The Virtue of the Human Person

The Virtue of the Human Person

What is the Christian view of the human person? Who are we? What is our ultimate potential, our destiny, our shape? What does it mean to be an excellent human being?

The last great master of Western Christendom before the schism, Thomas Aquinas, designated human virtue as ultimum potentiae, meaning: the utmost best a person can be…

This means implicitly, that the human person is, at the core, someone becoming; in any case, that he is not simply made as this or that, not a purely static entity but an unfolding being, a dynamic reality. Two thousand years ago, the Greek poet Pindar expressed it in this famous statement: “Become what you are.” This says something that seems truly astonishing, namely, that we are not yet what we already are…

Virtue does not mean being “nice” and “proper” in an isolated act or omission. Virtue means: man’s being is right, and this in the supernatural and natural sense. Virtue is… an essential enhancement of the human person; it is the fulfillment of human potential…

The wisdom of the West expresses the sum total of what man “ought to” do [to fulfill his potential] in seven sentences:

First: Man, insofar as he realizes his meaning, is someone who – in faith – opens himself by listening to God’s word, whenever he can perceive it.

Second: Man is true to himself only when he is stretching forth – in hope – toward a fulfillment that cannot be reached in his bodily existence.

Third: The man who strives for fulfillment is someone who – in love (caritas) – partakes in the eternally affirmative power of the Creator himself and, with all the strength of his being, finds it good that God, the world and he himself exist.

Fourth: Man’s life is authentic only when he does not allow his vision of reality to be clouded by the yes or no of his own desire; on the contrary, his decision-making and action depend upon reality revealing itself to him. By his willingness to live the truth he shows himself to be prudent.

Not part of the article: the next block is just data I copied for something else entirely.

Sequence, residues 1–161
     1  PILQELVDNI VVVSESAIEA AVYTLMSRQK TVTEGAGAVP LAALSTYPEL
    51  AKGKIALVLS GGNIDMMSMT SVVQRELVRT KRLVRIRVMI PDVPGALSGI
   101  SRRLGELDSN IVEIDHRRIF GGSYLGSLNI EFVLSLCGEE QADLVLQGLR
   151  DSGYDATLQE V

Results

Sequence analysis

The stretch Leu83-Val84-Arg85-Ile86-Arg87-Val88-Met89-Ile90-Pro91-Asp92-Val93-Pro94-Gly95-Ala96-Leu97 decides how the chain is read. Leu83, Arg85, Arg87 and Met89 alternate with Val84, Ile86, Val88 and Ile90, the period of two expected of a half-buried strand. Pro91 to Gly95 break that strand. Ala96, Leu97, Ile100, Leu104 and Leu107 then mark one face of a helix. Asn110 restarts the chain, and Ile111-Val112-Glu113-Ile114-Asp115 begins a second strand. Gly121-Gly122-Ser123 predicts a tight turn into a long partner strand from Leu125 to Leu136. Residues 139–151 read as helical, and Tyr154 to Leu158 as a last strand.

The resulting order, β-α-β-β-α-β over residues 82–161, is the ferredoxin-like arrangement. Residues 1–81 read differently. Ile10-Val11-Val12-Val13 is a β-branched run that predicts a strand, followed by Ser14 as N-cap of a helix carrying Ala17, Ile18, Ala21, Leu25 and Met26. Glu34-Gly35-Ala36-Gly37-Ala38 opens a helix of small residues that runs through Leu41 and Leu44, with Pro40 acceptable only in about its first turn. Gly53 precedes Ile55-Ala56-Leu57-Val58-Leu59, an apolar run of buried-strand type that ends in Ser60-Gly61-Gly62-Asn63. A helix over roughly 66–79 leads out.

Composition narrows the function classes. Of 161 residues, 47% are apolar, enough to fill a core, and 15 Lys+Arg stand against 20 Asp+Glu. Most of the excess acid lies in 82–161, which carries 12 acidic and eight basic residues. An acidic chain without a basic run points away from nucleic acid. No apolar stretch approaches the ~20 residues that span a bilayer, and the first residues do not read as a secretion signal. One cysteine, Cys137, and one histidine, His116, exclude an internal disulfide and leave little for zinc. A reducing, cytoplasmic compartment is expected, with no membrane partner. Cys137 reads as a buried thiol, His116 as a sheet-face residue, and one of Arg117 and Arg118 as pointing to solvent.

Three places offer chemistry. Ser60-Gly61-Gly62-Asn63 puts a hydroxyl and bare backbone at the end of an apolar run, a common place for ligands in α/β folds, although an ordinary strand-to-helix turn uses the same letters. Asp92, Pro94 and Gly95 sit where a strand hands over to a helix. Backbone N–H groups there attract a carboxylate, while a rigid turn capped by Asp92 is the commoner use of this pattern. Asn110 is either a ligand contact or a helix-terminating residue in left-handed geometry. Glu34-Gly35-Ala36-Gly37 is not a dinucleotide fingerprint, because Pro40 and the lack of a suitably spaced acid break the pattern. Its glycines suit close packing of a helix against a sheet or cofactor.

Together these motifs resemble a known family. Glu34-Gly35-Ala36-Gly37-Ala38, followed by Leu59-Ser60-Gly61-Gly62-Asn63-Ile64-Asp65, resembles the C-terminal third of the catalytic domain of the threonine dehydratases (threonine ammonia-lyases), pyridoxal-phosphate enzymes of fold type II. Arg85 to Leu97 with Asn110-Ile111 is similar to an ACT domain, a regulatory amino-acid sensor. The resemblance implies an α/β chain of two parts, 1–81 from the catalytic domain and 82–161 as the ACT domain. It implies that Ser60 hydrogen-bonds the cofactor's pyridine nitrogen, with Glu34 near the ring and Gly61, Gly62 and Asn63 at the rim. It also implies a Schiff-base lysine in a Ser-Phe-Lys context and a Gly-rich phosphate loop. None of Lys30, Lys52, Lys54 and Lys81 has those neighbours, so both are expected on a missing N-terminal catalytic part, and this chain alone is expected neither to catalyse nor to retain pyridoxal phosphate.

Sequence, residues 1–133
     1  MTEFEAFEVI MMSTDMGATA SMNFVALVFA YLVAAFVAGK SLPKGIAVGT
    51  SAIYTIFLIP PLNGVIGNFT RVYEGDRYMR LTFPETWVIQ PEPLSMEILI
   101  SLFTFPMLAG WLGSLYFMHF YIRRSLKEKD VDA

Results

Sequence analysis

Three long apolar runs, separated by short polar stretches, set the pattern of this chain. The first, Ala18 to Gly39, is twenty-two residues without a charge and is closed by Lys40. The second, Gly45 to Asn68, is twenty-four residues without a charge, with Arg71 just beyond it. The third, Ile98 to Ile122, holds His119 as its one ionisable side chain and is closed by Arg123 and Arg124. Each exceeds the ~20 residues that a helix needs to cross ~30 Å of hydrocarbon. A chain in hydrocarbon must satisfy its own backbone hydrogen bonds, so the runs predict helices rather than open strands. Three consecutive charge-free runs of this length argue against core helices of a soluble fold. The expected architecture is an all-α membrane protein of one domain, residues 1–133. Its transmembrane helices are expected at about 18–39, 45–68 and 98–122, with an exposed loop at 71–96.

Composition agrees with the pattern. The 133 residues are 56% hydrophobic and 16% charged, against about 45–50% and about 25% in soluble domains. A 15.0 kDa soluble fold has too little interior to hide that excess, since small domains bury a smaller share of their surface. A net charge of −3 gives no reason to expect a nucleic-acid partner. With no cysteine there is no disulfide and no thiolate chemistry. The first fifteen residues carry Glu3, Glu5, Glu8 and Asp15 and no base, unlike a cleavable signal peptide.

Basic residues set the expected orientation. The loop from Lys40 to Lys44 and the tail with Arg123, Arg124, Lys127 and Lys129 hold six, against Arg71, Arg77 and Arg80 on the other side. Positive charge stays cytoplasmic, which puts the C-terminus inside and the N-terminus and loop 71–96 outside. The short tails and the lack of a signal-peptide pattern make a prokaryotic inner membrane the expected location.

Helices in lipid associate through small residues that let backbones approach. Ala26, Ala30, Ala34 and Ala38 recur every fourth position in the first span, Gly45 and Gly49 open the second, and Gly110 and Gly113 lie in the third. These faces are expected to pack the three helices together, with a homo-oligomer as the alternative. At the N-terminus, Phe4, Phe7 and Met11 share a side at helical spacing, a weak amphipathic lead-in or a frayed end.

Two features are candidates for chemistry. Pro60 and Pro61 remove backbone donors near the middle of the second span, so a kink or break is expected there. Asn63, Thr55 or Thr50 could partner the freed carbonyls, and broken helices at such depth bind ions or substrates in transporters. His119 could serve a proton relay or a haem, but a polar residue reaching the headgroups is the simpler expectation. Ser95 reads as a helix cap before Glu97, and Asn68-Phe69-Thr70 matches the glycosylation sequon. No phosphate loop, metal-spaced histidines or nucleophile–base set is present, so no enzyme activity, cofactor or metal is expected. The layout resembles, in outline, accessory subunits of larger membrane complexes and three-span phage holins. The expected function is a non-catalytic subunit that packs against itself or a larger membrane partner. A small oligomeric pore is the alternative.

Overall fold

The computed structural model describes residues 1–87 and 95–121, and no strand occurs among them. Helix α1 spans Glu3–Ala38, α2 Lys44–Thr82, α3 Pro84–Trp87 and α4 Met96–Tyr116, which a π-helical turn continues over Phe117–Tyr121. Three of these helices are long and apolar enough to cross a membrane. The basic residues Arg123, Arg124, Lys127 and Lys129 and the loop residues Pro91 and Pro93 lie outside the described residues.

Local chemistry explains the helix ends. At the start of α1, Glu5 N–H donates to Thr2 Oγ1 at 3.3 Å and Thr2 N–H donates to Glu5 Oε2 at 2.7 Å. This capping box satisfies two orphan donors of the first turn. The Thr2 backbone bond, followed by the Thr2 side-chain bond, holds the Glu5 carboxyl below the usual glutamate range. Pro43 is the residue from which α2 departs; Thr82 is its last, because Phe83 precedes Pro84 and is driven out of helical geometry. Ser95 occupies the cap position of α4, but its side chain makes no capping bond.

Fifth: The good man is above all just, which means he understands how to be a companion. He possesses the art of living with others in such a way that he gives to each what is rightfully his.

Sixth: The man who is prudent and just knows that it is necessary to put himself on the line in order to realize the good in this world. He is ready – with courage – to accept loss and injuries for the sake of truth and justice.

Seventh: To the authenticity of man belongs the virtue of temperance or self-discipline that protects him from the self-destruction of pleasure seeking…

The supernatural life in man has three main currents: the reality of God, which surpasses all natural knowledge “not only of men, but also of angels”, manifests itself to faith. Love radically affirms – also in its own right – the Highest Good, which has become visible beneath the veil of faith. Hope is the confidently patient expectation of eternal beatitude in a contemplative and comprehensive sharing of the triune life of God; hope expects from God’s hand the eternal life that is God himself. (Josef Pieper)

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The Catholic view of the excellent human being is the eminently faithful, hopeful, loving, prudent, just, courageous, self-disciplined person. The ways in which we are lacking are the ways in which we don’t live out these seven dimensions (and all that they entail).

So, how do we be that and live like that? Certainly not by relying on a “Try harder!” mentality that is preoccupied with performance. We’ll save this discussion for the next post.

Joey McCoy

Joey McCoy

Joey McCoy is a medical student at the University of Michigan. He enjoys hot water, Josef Pieper, the sound of waves, and anything pertaining to Evangelization.
Joey McCoy

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